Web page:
The Kwanzaa celebration that spurred a lawsuit took place in the Shelby County Commission chambers Wednesday night as planned.
A Chancery Court judge dismissed a case Wednesday morning to block the Kwanzaa celebration from being held in the county’s main administration building at 160 N. Main, ruling that it was not a religious event.
The complaint was filed last Friday by Probate Court Clerk Chris Thomas against Shelby County Government and County Commissioner Henri Brooks, who hosted the celebration.
Thomas said he was not opposed to Kwanzaa, but opposed this celebration on the grounds that other faiths were denied the right to host their own religious events. Religious symbols, such as the Nativity scene, are not allowed on county property.
Chancery Court Judge Walter L. Evans said it would be “highly inappropriate for this court to allow one elected official to infringe upon the territory of another elected official in dictating how . . . the Shelby County Commission chambers would be used.”
Kwanzaa is a seven-day cultural event honoring black and African heritage. Evans said that based on the evidence presented, “it has not been shown to be a religious celebration.”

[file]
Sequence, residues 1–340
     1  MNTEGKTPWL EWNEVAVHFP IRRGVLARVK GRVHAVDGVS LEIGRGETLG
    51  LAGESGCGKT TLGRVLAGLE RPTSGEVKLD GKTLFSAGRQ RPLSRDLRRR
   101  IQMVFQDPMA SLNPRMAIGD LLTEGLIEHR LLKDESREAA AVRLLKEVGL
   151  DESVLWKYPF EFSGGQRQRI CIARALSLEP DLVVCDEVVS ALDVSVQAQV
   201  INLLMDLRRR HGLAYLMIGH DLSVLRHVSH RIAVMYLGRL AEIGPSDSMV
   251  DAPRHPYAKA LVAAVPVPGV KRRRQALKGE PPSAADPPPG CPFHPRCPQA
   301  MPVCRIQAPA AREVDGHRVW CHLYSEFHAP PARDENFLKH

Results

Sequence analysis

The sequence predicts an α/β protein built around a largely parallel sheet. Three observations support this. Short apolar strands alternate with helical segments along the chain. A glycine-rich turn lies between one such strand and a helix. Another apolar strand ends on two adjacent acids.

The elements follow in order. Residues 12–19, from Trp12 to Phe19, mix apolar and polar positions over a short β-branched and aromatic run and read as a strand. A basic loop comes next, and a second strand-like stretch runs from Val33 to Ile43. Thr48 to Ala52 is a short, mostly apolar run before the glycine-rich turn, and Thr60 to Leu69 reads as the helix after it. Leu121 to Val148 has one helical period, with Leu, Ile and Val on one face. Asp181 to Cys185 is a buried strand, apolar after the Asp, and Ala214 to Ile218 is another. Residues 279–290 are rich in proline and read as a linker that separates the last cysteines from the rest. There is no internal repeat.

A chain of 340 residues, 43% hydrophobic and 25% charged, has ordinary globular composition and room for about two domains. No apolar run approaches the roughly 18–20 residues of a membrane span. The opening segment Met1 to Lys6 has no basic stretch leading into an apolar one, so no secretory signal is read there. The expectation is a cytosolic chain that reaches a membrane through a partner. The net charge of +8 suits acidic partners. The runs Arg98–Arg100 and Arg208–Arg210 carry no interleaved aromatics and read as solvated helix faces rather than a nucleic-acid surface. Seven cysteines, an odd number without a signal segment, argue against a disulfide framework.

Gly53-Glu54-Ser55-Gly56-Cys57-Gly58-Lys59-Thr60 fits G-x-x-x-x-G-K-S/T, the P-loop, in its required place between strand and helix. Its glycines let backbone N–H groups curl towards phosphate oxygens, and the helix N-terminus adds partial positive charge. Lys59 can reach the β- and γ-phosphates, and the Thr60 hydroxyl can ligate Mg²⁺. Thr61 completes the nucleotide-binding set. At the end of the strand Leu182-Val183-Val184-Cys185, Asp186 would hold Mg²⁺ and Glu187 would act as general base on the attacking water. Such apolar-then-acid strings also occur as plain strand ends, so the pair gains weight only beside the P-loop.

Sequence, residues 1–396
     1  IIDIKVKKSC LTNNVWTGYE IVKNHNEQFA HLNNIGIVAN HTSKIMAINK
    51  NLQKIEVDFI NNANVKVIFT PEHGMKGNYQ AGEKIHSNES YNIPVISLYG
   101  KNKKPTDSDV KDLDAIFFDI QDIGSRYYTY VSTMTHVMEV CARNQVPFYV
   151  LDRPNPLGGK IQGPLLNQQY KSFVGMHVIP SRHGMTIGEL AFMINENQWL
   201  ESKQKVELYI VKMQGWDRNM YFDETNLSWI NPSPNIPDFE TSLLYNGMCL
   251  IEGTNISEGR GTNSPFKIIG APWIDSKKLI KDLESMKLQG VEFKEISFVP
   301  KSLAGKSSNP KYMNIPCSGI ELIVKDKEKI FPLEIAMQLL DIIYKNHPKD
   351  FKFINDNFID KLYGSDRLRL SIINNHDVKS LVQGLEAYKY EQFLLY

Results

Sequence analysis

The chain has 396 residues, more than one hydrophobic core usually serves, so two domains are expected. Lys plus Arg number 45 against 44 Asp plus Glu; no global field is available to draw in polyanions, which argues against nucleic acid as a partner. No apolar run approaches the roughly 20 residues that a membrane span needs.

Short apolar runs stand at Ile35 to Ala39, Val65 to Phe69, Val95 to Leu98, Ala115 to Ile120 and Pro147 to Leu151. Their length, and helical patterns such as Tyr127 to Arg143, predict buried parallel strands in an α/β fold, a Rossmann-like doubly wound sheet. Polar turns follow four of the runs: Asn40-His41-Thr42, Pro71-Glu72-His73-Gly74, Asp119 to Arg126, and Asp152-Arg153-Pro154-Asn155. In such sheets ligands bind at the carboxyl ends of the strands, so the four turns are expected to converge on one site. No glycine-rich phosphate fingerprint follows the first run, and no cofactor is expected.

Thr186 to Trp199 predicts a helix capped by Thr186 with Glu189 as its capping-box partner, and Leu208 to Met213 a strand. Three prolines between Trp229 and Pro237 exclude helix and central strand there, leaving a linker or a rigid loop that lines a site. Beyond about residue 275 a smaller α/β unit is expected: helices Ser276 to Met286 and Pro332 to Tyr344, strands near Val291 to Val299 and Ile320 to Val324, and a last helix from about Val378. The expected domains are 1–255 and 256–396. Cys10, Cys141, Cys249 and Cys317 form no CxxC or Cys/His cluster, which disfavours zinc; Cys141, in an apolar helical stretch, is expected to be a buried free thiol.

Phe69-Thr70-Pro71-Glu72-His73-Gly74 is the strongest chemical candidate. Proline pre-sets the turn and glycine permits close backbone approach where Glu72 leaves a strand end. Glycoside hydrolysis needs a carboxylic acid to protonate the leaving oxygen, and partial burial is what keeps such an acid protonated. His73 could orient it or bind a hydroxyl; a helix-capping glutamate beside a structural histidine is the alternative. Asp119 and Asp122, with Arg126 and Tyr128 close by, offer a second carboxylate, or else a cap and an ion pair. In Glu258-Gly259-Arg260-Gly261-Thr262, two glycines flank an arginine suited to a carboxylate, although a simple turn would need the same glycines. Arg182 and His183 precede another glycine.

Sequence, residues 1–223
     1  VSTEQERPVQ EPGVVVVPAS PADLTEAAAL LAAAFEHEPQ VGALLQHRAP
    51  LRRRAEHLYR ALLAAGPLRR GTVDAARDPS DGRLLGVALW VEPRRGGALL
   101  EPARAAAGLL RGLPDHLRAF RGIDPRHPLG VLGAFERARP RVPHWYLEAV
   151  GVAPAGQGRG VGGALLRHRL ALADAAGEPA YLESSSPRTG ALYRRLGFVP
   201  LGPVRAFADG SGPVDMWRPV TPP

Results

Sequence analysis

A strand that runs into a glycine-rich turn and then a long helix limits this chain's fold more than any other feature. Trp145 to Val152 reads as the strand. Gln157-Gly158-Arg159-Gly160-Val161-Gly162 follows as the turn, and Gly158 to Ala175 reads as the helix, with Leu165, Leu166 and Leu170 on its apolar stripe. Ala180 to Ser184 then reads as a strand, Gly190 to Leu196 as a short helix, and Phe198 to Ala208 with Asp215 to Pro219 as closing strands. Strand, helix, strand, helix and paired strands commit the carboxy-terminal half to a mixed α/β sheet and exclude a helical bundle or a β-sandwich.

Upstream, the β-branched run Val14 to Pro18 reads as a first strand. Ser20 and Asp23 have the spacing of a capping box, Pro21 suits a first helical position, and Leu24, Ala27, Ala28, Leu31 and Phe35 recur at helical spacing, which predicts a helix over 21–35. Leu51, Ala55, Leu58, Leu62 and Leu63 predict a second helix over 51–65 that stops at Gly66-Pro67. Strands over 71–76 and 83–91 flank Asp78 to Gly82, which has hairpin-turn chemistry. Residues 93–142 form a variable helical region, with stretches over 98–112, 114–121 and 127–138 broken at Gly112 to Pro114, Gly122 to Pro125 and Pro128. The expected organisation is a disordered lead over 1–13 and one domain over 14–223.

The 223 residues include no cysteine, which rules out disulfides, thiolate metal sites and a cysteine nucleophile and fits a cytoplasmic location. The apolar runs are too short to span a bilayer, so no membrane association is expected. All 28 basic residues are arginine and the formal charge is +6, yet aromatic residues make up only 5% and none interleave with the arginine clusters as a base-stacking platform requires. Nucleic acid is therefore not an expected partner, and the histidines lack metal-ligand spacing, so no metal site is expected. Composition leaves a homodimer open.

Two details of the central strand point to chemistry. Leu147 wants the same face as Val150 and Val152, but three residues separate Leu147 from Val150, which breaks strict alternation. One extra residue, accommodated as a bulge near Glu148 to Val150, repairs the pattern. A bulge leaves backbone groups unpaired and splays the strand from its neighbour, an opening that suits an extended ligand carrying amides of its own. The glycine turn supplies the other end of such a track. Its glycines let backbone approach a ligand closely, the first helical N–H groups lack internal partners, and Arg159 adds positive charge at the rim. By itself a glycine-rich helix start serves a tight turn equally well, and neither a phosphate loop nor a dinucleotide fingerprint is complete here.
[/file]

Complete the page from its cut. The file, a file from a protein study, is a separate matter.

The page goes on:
The Chancery court room was standing room only Wednesday morning, filled with members of the media, curious spectators and a handful of Kwanzaa supporters dressed in colorful African garb.
Representing Thomas, attorney Anthony Pietrangelo argued that allowing the celebration would be discriminatory, and in violation of the First Amendment, because the county attorney had denied Thomas the right to host a Christian party yet allowed the Kwanzaa event to take place.
He directed the court to a Kwanzaa Web site that described the celebration as a spiritual alternative to Christmas, which also incorporates words like “creator” and “faith.”
By allowing this event, Shelby County would send the message of “no to access for Christmas, but yes to access for Kwanzaa,” Pietrangelo said.
Attorneys Walter Bailey, representing Brooks, and Leo Bearman Jr., representing Shelby County Government, emphatically denied that Kwanzaa was a religious event.
Bailey said Brooks’ intention was “purely secular and certainly not religious.”
Added Bearman: “I’m advised that many people celebrate their own religion and Kwanzaa.”
Brooks, who took the stand in a fire-engine-red suit and gold hoop earrings, said she is a Christian in addition to celebrating Kwanzaa. She’s a member of the Greater Imani Church.
Bailey also noted that for the judge to block the Kwanzaa event, Thomas would have to show how this celebration causes injury.
Thomas, in a demure black suit, told the court that physically he would not be injured, but being prevented from celebrating Christmas while others celebrate Kwanzaa “does offend me and it injures me . . .
“As a taxpayer, I’m injured because (county government is) using taxpayers’ money to fund this event after hours.”
Because this case dealt specifically with Kwanzaa, she does not believe it sets a precedent about who and for what reasons the commission’s chambers could be used.
She’s pleased that the issue has been put to rest.
“We can always remember that truth always triumphs over evil,” she said.